My Vet of the Week is Vernon W. ‘Bun’ William Affolder of Decatur, IN. Mr. Affolder died on Monday, Jan. 20, 2014. His birthday would have been tomorrow.
I interviewed him in his home three years ago. He became emotional about several parts of the war that were still very real to him. That taught me decades of time doesn’t erase memories of the horrors of war.
We need to support our vets with patience and understanding.
Thanks, Mr. Affolder, for your service. Rest in peace.
Note: This story is similar to those found in my book, World War II Legacies: Stories of Northeast Indiana Veterans.
As part of the first group of soldiers who left Decatur, Indiana, to serve as soldiers in WWII, Vernon ‘Bun’ Affolder never dreamed his military career would be so eventful.
Affolder was born in Van Wert, Ohio. He moved with his family to Decatur in 1927, graduating from Decatur High School in 1937. He worked at a local hardware store until 1941 when he got a notice from the United States Army. “They drafted me, then told me to go home,” he said. The Army did not forget Affolder. In January 1942 he and other young men from Adams County were sworn in as American soldiers.
Assigned to the infantry, Affolder completed basic training at Camp Shelby in Hattiesburg, Mississippi. He and thousands of other troops learned to shoot and hike through miles of poison ivy-infested weeds carrying heavy packs. Affolder was so sunburned by the time his parents visited him in 1942, they didn’t recognize him.
Affolder transferred to Camp Beauregard in Pineville, Louisiana, where he worked in the supply room. Thanks to his proficiency at typing due to a course in high school, he was sent to the Army surgeon’s office. “Because I worked for the Army surgeon, I wore a red band on my arm and a red cross on my helmet,” he said. “But I did not administer medical aid. My only job was to distribute supplies from the Surgeon’s office.”
Within months Affolder was aboard the Queen Elizabeth, along with thousands of other American soldiers, bound for Europe. “At the back of the boat were 52-gallon drums,” he said. “They hid depth bombs which were designed to go underwater and sink German submarines.”
Staff Sergeant Affolder spent 13 months in Bristol, England, working in the 5th Corps Headquarters. His commander was in charge of all field hospitals and aide stations. Affolder liked record keeping and working with the four officers and six enlisted men assigned to his office.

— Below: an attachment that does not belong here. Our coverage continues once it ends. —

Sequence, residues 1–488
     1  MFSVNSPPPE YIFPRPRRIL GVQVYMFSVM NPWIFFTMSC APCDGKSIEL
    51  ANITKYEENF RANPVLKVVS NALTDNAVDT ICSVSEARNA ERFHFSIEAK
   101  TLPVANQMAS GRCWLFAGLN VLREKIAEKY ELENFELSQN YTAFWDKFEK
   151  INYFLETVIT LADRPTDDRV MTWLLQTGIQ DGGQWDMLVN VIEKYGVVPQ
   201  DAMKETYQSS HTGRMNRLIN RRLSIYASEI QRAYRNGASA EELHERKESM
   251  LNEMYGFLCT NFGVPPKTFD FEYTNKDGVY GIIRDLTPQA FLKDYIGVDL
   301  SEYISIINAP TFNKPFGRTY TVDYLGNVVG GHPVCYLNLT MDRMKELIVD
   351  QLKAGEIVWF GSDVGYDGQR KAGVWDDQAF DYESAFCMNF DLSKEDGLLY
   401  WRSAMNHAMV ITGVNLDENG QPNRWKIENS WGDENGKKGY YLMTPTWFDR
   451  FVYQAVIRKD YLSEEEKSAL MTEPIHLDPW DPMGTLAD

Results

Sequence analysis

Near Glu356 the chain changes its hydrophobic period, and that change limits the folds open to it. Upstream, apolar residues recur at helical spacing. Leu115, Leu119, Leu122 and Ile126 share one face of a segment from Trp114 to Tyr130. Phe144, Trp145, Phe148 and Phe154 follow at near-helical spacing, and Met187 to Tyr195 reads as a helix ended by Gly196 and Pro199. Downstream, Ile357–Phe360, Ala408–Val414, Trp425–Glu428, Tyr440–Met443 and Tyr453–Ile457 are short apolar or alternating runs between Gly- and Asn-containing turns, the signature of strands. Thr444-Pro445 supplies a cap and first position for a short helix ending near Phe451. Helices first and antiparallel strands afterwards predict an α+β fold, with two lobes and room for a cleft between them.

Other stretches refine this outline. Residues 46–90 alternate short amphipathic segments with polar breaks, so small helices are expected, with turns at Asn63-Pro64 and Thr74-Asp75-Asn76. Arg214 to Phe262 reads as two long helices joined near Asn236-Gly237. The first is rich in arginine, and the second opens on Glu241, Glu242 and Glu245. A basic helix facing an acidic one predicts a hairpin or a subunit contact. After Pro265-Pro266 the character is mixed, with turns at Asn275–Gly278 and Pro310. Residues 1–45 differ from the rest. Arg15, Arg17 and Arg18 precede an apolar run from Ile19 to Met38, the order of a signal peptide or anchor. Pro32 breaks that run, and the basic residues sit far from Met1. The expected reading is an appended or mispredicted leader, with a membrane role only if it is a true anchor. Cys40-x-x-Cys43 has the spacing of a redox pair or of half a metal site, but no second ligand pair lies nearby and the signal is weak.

Living among the British was educational. “A bulletin board in the city park listed announcements about the war,” he said. “Despite the ‘loose lips sink ships’ saying, we knew if you wanted to know something about the war, ask a Brit!”
In June 1944, Affolder’s unit traveled to a place in France called Omaha Beach. At 0900 hours on June 6 (a day later than originally planned, due to inclement weather), thousands of Allied landing crafts dropped American and British soldiers into the waters near the edge of the shore. The intent of the Allies was to storm the beach and run off the firing Germans.
The Germans had placed big logs on the shore close to the edge to prevent Allied landings. “They shot big 88 shells at us,” said Affolder. Chaos reigned for hours as the Allies struggled to take the beach. Affolder and thousands of other American soldiers were thrust into a battle they had been ill-prepared for, but they fought valiantly.
When a shell blew off the leg of an American soldier, Affolder, standing nearby, was placed in a dilemma. As an aide to the Army surgeon, he wore an arm band indicating his connection with the medical office, but he had no authorization or training to administer aid.
“The other soldiers standing there thought I should try to help the wounded soldier,” he said, “but I was only a supply clerk. I had not even been issued a gun.”
Affolder helped load fallen soldiers to the safety of the landing crafts. “They were mostly young guys around age 21,” he said. “They lay with their eyes open and arms outspread. I still have flashbacks of that time.”
By the following day, the Americans had gained a foothold of Omaha Beach. After the Germans retreated, Affolder resumed his work in the surgeon’s office. There he met General and future United States president Ike Eisenhower. “He was a wonderful guy,” said Affolder. “He talked to us about our work at Omaha Beach.”
For Affolder the tragedies of war were not over. In December 1944, during the Battle of the Bulge, he and other American soldiers nearly lost their lives as part of what became known as the Malmedy Massacre. “We pulled out of Malmedy, France, on December 16, the night before a German combat unit captured 84 American soldiers and shot them,” he said. “I think that was the scariest part of the war for me.”
Later that spring, Affolder saw the atrocities of Buchenwald concentration camp in Weimar, Germany, just weeks after its liberation in April 1945. “We saw the butcher block where German dentists had removed gold from prisoners’ teeth,” he said. “We also saw a guy with a wheelbarrow carrying the body of a dead soldier.”
By summer 1945, the Japanese had surrendered and the war was over. Due to the number of battles he had fought and length of time of service, Affolder was one of the first to be discharged. American soldiers were flown back to the States in C47’s planes. “There were no seats inside, but that left room for more of us GIs to get home,” he said. (Note: GI is abbreviation for ‘Government Issue’ and was a common nickname for American soldiers.)
Back in Decatur, Affolder resumed working at the hardware store before choosing to sell life insurance, a career he continued until age 85. He and his wife Phyllis met in 1941 while Bun was on furlough. Phyllis died in 1992. Affolder remarried Alice in 1995.
Arrangements by Zwick & Jahn Funeral Home, Decatur, Ind. – See more at: http://www.legacy.com/obituaries/fortwayne/obituary.aspx?pid=169212673#sthash.CW2SFZSQ.dpuf